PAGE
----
Goodbye to Chester (and East Bay party): Congratulations to Chester Hartman on his upcoming retirement after more than 25 years at PRRAC. Chester took over as PRRAC’s first Executive Director in 1990, and then shifted to his current position as PRRAC’s Research Director in 2004. Chester’s work at PRRAC has capped an illustrious social justice career that included teaching positions in city and urban planning at Harvard, Cornell, Columbia, and George Washington University, important stints at the National Housing Law Project and the Institute for Policy Studies, and publications too numerous to recount. Chester was also the founder of the Planners’ Network, a national collective of progressive city and regional planners and academics committed to community-based advocacy planning and connecting planning practice to civil and human rights movements (see item below). For friends of PRRAC and fans of Chester in the San Francisco Bay Area, save the date of Thursday, February 18, for a celebration hosted by PRRAC’s Board at the David Brower Center in Berkeley. If you would like to join us for the party, please email Tyler Barbarin, firstname.lastname@example.org.
A new housing mobility program in New Jersey: We are excited to report that the New Jersey Department of Community Affairs, which operates a large statewide Housing Choice Voucher program, has committed to a new housing mobility program as part of its 2016 Consolidated Plan. The new program, which starts with 100 vouchers in the first year, emerged as part of a requirement for the State to update its Analysis of Impediments to Fair Housing Choice that came out of the resolution of the contested Hurricane Sandy recovery plan, which the state worked on with HUD and the Fair Share Housing Center, the Latino Action Network, and the NAACP New Jersey State Conference. The new program states that “DCA will expand upon its current efforts to improve access to housing opportunities outside areas of concentrated poverty by establishing an intensive counseling component to the Housing Choice Voucher (HCV) program to more strongly encourage and make it easier for its voucher holders to locate affordable housing in communities that better reflect the racial and economic diversity of the State….[and to] help them find rental units in the areas of higher opportunity that best meet the needs of the family, including nearby schools, public transportation, employment opportunities, healthcare facilities and other community amenities. In addition, DCA will consider modifying HCV policies to allow longer search times, higher subsidy levels in more advantageous neighborhoods, a targeted outreach to attract landlords interested in participating in the Housing Choice Voucher Program for the first time.” The New Jersey program joins fifteen other housing mobility programs around the country, listed in our July 2015 guide. For more information on the plan and timetable in NJ, contact David Rammler at email@example.com.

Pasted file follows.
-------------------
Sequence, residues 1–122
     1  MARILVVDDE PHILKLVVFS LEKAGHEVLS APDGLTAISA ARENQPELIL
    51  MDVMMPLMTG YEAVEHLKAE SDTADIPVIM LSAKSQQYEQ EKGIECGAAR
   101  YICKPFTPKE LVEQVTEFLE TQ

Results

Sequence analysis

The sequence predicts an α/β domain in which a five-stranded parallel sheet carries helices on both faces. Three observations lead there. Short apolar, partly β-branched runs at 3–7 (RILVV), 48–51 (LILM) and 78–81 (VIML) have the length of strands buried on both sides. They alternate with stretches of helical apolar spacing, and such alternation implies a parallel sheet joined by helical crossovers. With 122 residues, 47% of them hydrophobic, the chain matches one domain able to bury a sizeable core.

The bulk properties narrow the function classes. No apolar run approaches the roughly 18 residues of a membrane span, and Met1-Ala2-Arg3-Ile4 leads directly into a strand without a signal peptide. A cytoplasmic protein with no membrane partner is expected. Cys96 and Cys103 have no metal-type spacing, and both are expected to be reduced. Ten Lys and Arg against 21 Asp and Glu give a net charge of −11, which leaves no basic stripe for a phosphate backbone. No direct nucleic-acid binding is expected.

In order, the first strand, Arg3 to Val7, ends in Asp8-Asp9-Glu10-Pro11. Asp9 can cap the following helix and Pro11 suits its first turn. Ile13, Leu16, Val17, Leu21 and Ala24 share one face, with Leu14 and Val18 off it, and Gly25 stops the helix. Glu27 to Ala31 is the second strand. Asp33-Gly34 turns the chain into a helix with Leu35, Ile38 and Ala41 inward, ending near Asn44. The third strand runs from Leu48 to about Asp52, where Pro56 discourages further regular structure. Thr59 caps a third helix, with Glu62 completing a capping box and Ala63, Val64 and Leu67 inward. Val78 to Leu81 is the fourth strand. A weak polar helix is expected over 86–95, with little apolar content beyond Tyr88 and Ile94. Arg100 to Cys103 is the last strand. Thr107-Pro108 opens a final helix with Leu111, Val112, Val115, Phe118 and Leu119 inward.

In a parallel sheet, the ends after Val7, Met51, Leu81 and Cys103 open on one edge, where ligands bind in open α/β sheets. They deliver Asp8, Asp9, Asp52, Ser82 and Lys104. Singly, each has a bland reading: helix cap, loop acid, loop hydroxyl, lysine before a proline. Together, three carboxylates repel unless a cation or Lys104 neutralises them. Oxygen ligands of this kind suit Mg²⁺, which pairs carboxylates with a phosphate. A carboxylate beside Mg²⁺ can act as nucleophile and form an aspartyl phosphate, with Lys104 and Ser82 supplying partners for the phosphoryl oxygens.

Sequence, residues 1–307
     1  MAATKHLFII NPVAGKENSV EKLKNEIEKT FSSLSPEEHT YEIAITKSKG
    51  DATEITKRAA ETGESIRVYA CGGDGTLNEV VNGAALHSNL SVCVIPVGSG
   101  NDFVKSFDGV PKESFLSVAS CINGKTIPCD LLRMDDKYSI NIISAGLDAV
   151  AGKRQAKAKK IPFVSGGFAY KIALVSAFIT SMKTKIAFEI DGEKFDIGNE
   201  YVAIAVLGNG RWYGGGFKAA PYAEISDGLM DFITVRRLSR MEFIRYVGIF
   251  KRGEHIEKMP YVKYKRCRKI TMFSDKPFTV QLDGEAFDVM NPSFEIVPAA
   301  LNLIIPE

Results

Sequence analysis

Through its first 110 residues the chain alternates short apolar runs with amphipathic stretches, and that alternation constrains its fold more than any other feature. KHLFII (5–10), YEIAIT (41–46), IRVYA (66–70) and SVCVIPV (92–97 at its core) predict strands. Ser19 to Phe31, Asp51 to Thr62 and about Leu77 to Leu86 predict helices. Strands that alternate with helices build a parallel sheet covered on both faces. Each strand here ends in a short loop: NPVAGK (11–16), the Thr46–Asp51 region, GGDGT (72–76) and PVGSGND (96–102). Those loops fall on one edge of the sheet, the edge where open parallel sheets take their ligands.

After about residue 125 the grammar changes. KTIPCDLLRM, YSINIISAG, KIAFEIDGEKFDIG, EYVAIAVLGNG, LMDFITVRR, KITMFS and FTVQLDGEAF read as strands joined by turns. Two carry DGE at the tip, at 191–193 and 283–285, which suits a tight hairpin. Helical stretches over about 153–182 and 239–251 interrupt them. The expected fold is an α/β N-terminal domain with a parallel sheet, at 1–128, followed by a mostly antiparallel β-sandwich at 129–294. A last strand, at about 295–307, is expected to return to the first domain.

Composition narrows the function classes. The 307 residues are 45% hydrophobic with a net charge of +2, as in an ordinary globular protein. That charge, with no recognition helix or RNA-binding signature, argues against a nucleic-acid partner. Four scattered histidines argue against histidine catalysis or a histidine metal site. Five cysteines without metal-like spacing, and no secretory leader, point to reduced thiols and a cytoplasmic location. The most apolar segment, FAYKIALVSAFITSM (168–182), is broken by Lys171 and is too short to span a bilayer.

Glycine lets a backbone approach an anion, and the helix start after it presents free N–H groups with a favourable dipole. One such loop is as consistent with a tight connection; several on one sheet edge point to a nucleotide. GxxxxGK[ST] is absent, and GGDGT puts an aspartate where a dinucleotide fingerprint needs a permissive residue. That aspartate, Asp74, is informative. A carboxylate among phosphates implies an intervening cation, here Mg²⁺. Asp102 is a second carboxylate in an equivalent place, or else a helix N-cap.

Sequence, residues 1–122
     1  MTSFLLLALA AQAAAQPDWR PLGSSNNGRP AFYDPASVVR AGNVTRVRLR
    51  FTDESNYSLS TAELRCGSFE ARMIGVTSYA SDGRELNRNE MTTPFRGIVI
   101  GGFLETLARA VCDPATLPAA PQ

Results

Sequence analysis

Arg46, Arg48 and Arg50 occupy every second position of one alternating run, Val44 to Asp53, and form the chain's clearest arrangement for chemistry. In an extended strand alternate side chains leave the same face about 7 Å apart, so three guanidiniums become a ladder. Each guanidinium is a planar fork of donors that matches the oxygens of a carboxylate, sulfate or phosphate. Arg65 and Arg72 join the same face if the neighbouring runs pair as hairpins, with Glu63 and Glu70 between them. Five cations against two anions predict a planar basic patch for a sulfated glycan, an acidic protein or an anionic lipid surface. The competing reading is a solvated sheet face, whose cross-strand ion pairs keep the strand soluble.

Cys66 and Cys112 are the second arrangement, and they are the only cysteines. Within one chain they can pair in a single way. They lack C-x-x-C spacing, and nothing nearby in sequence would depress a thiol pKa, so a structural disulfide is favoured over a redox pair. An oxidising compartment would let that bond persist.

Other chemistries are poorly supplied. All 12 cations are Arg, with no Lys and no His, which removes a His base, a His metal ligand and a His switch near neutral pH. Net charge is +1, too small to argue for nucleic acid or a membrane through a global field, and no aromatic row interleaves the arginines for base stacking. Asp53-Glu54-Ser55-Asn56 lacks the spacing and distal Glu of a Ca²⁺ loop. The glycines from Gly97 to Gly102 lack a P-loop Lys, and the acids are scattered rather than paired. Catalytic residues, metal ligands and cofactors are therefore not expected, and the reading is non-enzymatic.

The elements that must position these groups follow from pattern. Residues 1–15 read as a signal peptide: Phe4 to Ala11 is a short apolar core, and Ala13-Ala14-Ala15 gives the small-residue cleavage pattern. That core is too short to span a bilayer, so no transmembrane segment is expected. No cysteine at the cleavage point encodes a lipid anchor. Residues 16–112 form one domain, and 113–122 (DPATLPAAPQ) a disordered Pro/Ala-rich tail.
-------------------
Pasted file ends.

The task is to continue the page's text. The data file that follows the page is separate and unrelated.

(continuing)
Other news and resources
“Diverse Housing, Diverse Schooling”: This new policy brief from Amy Stuart Wells (published by the National Education Policy Center) provides a great overview of academic research on the housing-education nexus, and breaks important ground in connecting implicit bias research to perceptions of school “quality” and home value based on school racial composition. Wells offers a research-based prescription for stabilizing school enrollment in increasingly diverse city and suburban neighborhoods, in part by harnessing changing attitudes on race and diversity. Without intentional policy interventions, Wells argues, the benefits of diversity in changing suburbs and gentrifying city neighborhoods could be lost to resegregation. (See also our related policy brief from this past March).
In the new Cityscape: “Symposium: Housing Discrimination Today” with in depth analysis of fair housing testing trends and issues in measurement of housing discrimination.
Planners Network takes stand on diversity recruitment goals for planning school faculty and students. Read the eloquent resolution of the Planners’ Network Executive Committee here.